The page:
Dear Sir,
I enjoyed Andrew Ede’s article today “Director-Generals and the Revolving Door” and agree with his main conclusions but want to add to them. I have friends who were at the centre of the civil service in Palma and Holyrood.
In Palma (population say 1 million) some 300 positions that are at the behest of each new government - in Scotland (population 5 million) 8. In addition the 8 slots are purely advisory while the 300, as he noted, are hands on management. He referred to jobs for the boys, lack of continuity and poor management through inappropriate selection but the main negative cost is corruption.
If I’m elected and suggest to Andrew a position as DG (Director-General) for ports and airports he’d be flattered but as he would have to give up his present position my offer would need to be generous. Let’s suppose I offer enough and he accepted but within months he sees my political popularity in free fall such that I’m sure to be voted out at the next election. So in a couple of years’ time I will get voted out but he’d lose his job and suppose his ex-company was in no mood to rehire him. What to do? Obviously he has to make hay while the sun shines. He could set about corrupting every contract he can get his hands on to make up a nest egg that may have to last for the rest of his days. It has happened a lot in the past and there is no reason why the future will be any different. The other problem with our local politics are the excessive number of government levels (Madrid, Baleares, Majorca, Pueblo) each one with its own cohort of DGs.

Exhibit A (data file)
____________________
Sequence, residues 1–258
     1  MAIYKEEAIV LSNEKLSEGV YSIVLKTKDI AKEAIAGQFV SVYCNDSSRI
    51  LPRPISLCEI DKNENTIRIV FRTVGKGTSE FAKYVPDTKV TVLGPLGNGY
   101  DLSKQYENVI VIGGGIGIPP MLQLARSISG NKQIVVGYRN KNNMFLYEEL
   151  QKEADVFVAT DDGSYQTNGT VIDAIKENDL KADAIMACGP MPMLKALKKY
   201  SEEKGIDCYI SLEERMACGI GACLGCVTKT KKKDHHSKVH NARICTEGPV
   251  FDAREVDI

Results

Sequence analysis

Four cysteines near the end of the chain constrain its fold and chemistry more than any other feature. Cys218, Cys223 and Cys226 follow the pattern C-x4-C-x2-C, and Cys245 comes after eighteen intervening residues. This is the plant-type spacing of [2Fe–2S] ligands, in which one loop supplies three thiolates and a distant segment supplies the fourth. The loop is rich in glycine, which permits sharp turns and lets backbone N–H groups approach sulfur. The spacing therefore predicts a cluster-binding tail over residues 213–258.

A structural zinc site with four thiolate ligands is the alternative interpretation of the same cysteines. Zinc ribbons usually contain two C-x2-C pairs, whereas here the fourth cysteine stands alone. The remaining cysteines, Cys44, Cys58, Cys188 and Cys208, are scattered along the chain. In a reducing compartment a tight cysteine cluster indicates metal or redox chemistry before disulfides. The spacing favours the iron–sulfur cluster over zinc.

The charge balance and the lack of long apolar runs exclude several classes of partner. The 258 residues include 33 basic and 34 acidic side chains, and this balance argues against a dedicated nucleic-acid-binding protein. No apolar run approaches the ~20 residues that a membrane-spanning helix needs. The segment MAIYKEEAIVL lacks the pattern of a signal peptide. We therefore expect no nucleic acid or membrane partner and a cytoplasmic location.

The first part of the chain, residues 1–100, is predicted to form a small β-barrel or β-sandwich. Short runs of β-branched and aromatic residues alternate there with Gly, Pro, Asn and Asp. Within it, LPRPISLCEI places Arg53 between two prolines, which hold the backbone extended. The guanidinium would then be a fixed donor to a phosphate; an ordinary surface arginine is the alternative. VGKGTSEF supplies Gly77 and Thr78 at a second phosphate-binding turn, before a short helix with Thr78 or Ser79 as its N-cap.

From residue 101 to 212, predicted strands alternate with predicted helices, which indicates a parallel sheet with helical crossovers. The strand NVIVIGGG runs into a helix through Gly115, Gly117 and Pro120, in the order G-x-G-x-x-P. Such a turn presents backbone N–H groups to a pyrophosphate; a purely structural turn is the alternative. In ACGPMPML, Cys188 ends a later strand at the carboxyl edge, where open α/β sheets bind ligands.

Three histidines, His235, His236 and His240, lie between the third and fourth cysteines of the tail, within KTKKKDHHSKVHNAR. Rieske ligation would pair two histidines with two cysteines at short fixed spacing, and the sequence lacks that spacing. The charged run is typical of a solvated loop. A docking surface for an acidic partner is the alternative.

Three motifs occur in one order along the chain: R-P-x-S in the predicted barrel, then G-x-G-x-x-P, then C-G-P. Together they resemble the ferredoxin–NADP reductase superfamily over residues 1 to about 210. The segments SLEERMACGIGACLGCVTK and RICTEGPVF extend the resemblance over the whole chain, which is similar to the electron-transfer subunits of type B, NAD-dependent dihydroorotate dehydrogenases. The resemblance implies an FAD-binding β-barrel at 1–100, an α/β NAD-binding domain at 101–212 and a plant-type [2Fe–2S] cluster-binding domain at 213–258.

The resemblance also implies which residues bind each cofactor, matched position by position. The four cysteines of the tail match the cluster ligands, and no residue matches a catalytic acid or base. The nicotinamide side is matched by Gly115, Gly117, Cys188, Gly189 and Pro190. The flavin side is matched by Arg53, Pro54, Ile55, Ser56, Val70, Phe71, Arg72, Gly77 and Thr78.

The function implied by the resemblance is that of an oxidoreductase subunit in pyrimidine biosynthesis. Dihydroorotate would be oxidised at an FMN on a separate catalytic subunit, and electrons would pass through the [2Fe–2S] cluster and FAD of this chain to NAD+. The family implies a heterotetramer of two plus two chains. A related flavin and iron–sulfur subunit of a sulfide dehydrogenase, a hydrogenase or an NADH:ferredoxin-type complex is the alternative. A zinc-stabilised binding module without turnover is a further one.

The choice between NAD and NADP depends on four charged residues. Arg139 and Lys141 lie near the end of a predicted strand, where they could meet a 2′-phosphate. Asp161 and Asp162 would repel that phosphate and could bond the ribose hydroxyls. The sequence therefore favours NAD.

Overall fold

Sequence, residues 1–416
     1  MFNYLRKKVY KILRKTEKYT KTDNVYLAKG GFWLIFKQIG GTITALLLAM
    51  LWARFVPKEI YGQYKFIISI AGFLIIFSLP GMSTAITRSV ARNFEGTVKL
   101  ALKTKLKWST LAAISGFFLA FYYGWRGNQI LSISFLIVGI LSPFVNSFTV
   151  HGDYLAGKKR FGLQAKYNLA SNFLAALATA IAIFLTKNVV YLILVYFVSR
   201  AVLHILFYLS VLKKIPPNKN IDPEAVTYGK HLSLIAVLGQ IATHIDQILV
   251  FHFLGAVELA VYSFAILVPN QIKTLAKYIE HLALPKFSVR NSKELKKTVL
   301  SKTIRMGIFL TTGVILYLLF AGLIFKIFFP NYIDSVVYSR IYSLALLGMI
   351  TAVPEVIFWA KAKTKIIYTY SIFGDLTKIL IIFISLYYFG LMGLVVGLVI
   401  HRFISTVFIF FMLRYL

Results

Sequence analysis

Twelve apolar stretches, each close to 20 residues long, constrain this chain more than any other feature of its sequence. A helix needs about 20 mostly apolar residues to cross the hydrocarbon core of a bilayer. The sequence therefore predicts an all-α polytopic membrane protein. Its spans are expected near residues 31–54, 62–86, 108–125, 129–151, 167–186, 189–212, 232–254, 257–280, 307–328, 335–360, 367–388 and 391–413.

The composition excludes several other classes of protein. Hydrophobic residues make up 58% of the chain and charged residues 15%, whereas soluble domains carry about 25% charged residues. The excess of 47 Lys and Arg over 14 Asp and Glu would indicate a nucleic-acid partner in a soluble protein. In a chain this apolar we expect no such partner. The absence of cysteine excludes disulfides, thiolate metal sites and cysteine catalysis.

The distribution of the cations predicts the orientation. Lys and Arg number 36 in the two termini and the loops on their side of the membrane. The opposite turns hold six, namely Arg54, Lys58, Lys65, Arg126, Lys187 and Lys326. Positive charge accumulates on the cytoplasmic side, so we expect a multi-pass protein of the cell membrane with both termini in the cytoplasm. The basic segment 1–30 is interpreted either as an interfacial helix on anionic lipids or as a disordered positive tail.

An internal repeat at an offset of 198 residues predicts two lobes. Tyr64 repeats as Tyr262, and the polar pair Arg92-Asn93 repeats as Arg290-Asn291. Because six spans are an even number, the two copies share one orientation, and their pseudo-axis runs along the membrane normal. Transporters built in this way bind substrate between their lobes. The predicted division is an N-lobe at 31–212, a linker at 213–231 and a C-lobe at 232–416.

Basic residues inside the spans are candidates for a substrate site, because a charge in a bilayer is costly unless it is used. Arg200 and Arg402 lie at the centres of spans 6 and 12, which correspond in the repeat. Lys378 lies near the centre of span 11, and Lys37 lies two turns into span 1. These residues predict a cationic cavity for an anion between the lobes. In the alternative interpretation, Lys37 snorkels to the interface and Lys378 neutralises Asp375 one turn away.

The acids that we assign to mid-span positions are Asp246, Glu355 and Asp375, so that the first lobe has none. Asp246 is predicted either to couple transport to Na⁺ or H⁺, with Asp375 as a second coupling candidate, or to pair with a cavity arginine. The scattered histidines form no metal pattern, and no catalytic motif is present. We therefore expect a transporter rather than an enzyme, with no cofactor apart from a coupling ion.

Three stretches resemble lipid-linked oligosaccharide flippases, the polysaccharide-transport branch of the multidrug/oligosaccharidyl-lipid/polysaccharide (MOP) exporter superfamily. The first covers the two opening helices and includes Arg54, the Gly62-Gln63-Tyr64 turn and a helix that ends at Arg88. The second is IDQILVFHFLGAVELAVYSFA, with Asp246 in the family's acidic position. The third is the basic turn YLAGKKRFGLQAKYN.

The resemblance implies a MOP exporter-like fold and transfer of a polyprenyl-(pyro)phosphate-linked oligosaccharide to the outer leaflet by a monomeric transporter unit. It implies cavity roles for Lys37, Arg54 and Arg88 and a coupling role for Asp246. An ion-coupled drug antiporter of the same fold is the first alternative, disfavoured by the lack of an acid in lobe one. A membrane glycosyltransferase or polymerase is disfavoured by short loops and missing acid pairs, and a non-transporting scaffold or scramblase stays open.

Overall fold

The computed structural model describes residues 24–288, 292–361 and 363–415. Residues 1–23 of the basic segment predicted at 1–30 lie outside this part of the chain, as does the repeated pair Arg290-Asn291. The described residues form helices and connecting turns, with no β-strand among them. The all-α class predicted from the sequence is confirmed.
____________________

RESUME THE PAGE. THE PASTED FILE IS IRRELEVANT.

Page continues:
Mike Lillico
Playa de Palma

Dear Sir,
Once again I tip my hat to Hugh Ash. His attack on Labour’s disgraceful vote to recognise a Palestine state just rewards terrorism and it was a brilliant piece of comment.
I am not Jewish and don’t go along with everything Israel does. But, having researched the history of the Middle East, I find it disgraceful Israel is always the butt of criticism and the Arabs get a free pass.
I also think its incredible so few folk realise there never ever has been a country called Palestine and the area was a province of southern Syria until after the First World War.
People should do some homework before they start mouthing off against the only Middle East state the West can trust to defend it and democracy. Because if Israel falls, you can bet who is next on the list to be Islamized.
There but for the grace of Israel go us.
Benjamin Netanyahu might be a tough nut, but if my country was living under the constant threat of war, I would certainly prefer him in charge to a drip like Miliband

Jeff Wheeler
Cas Catala

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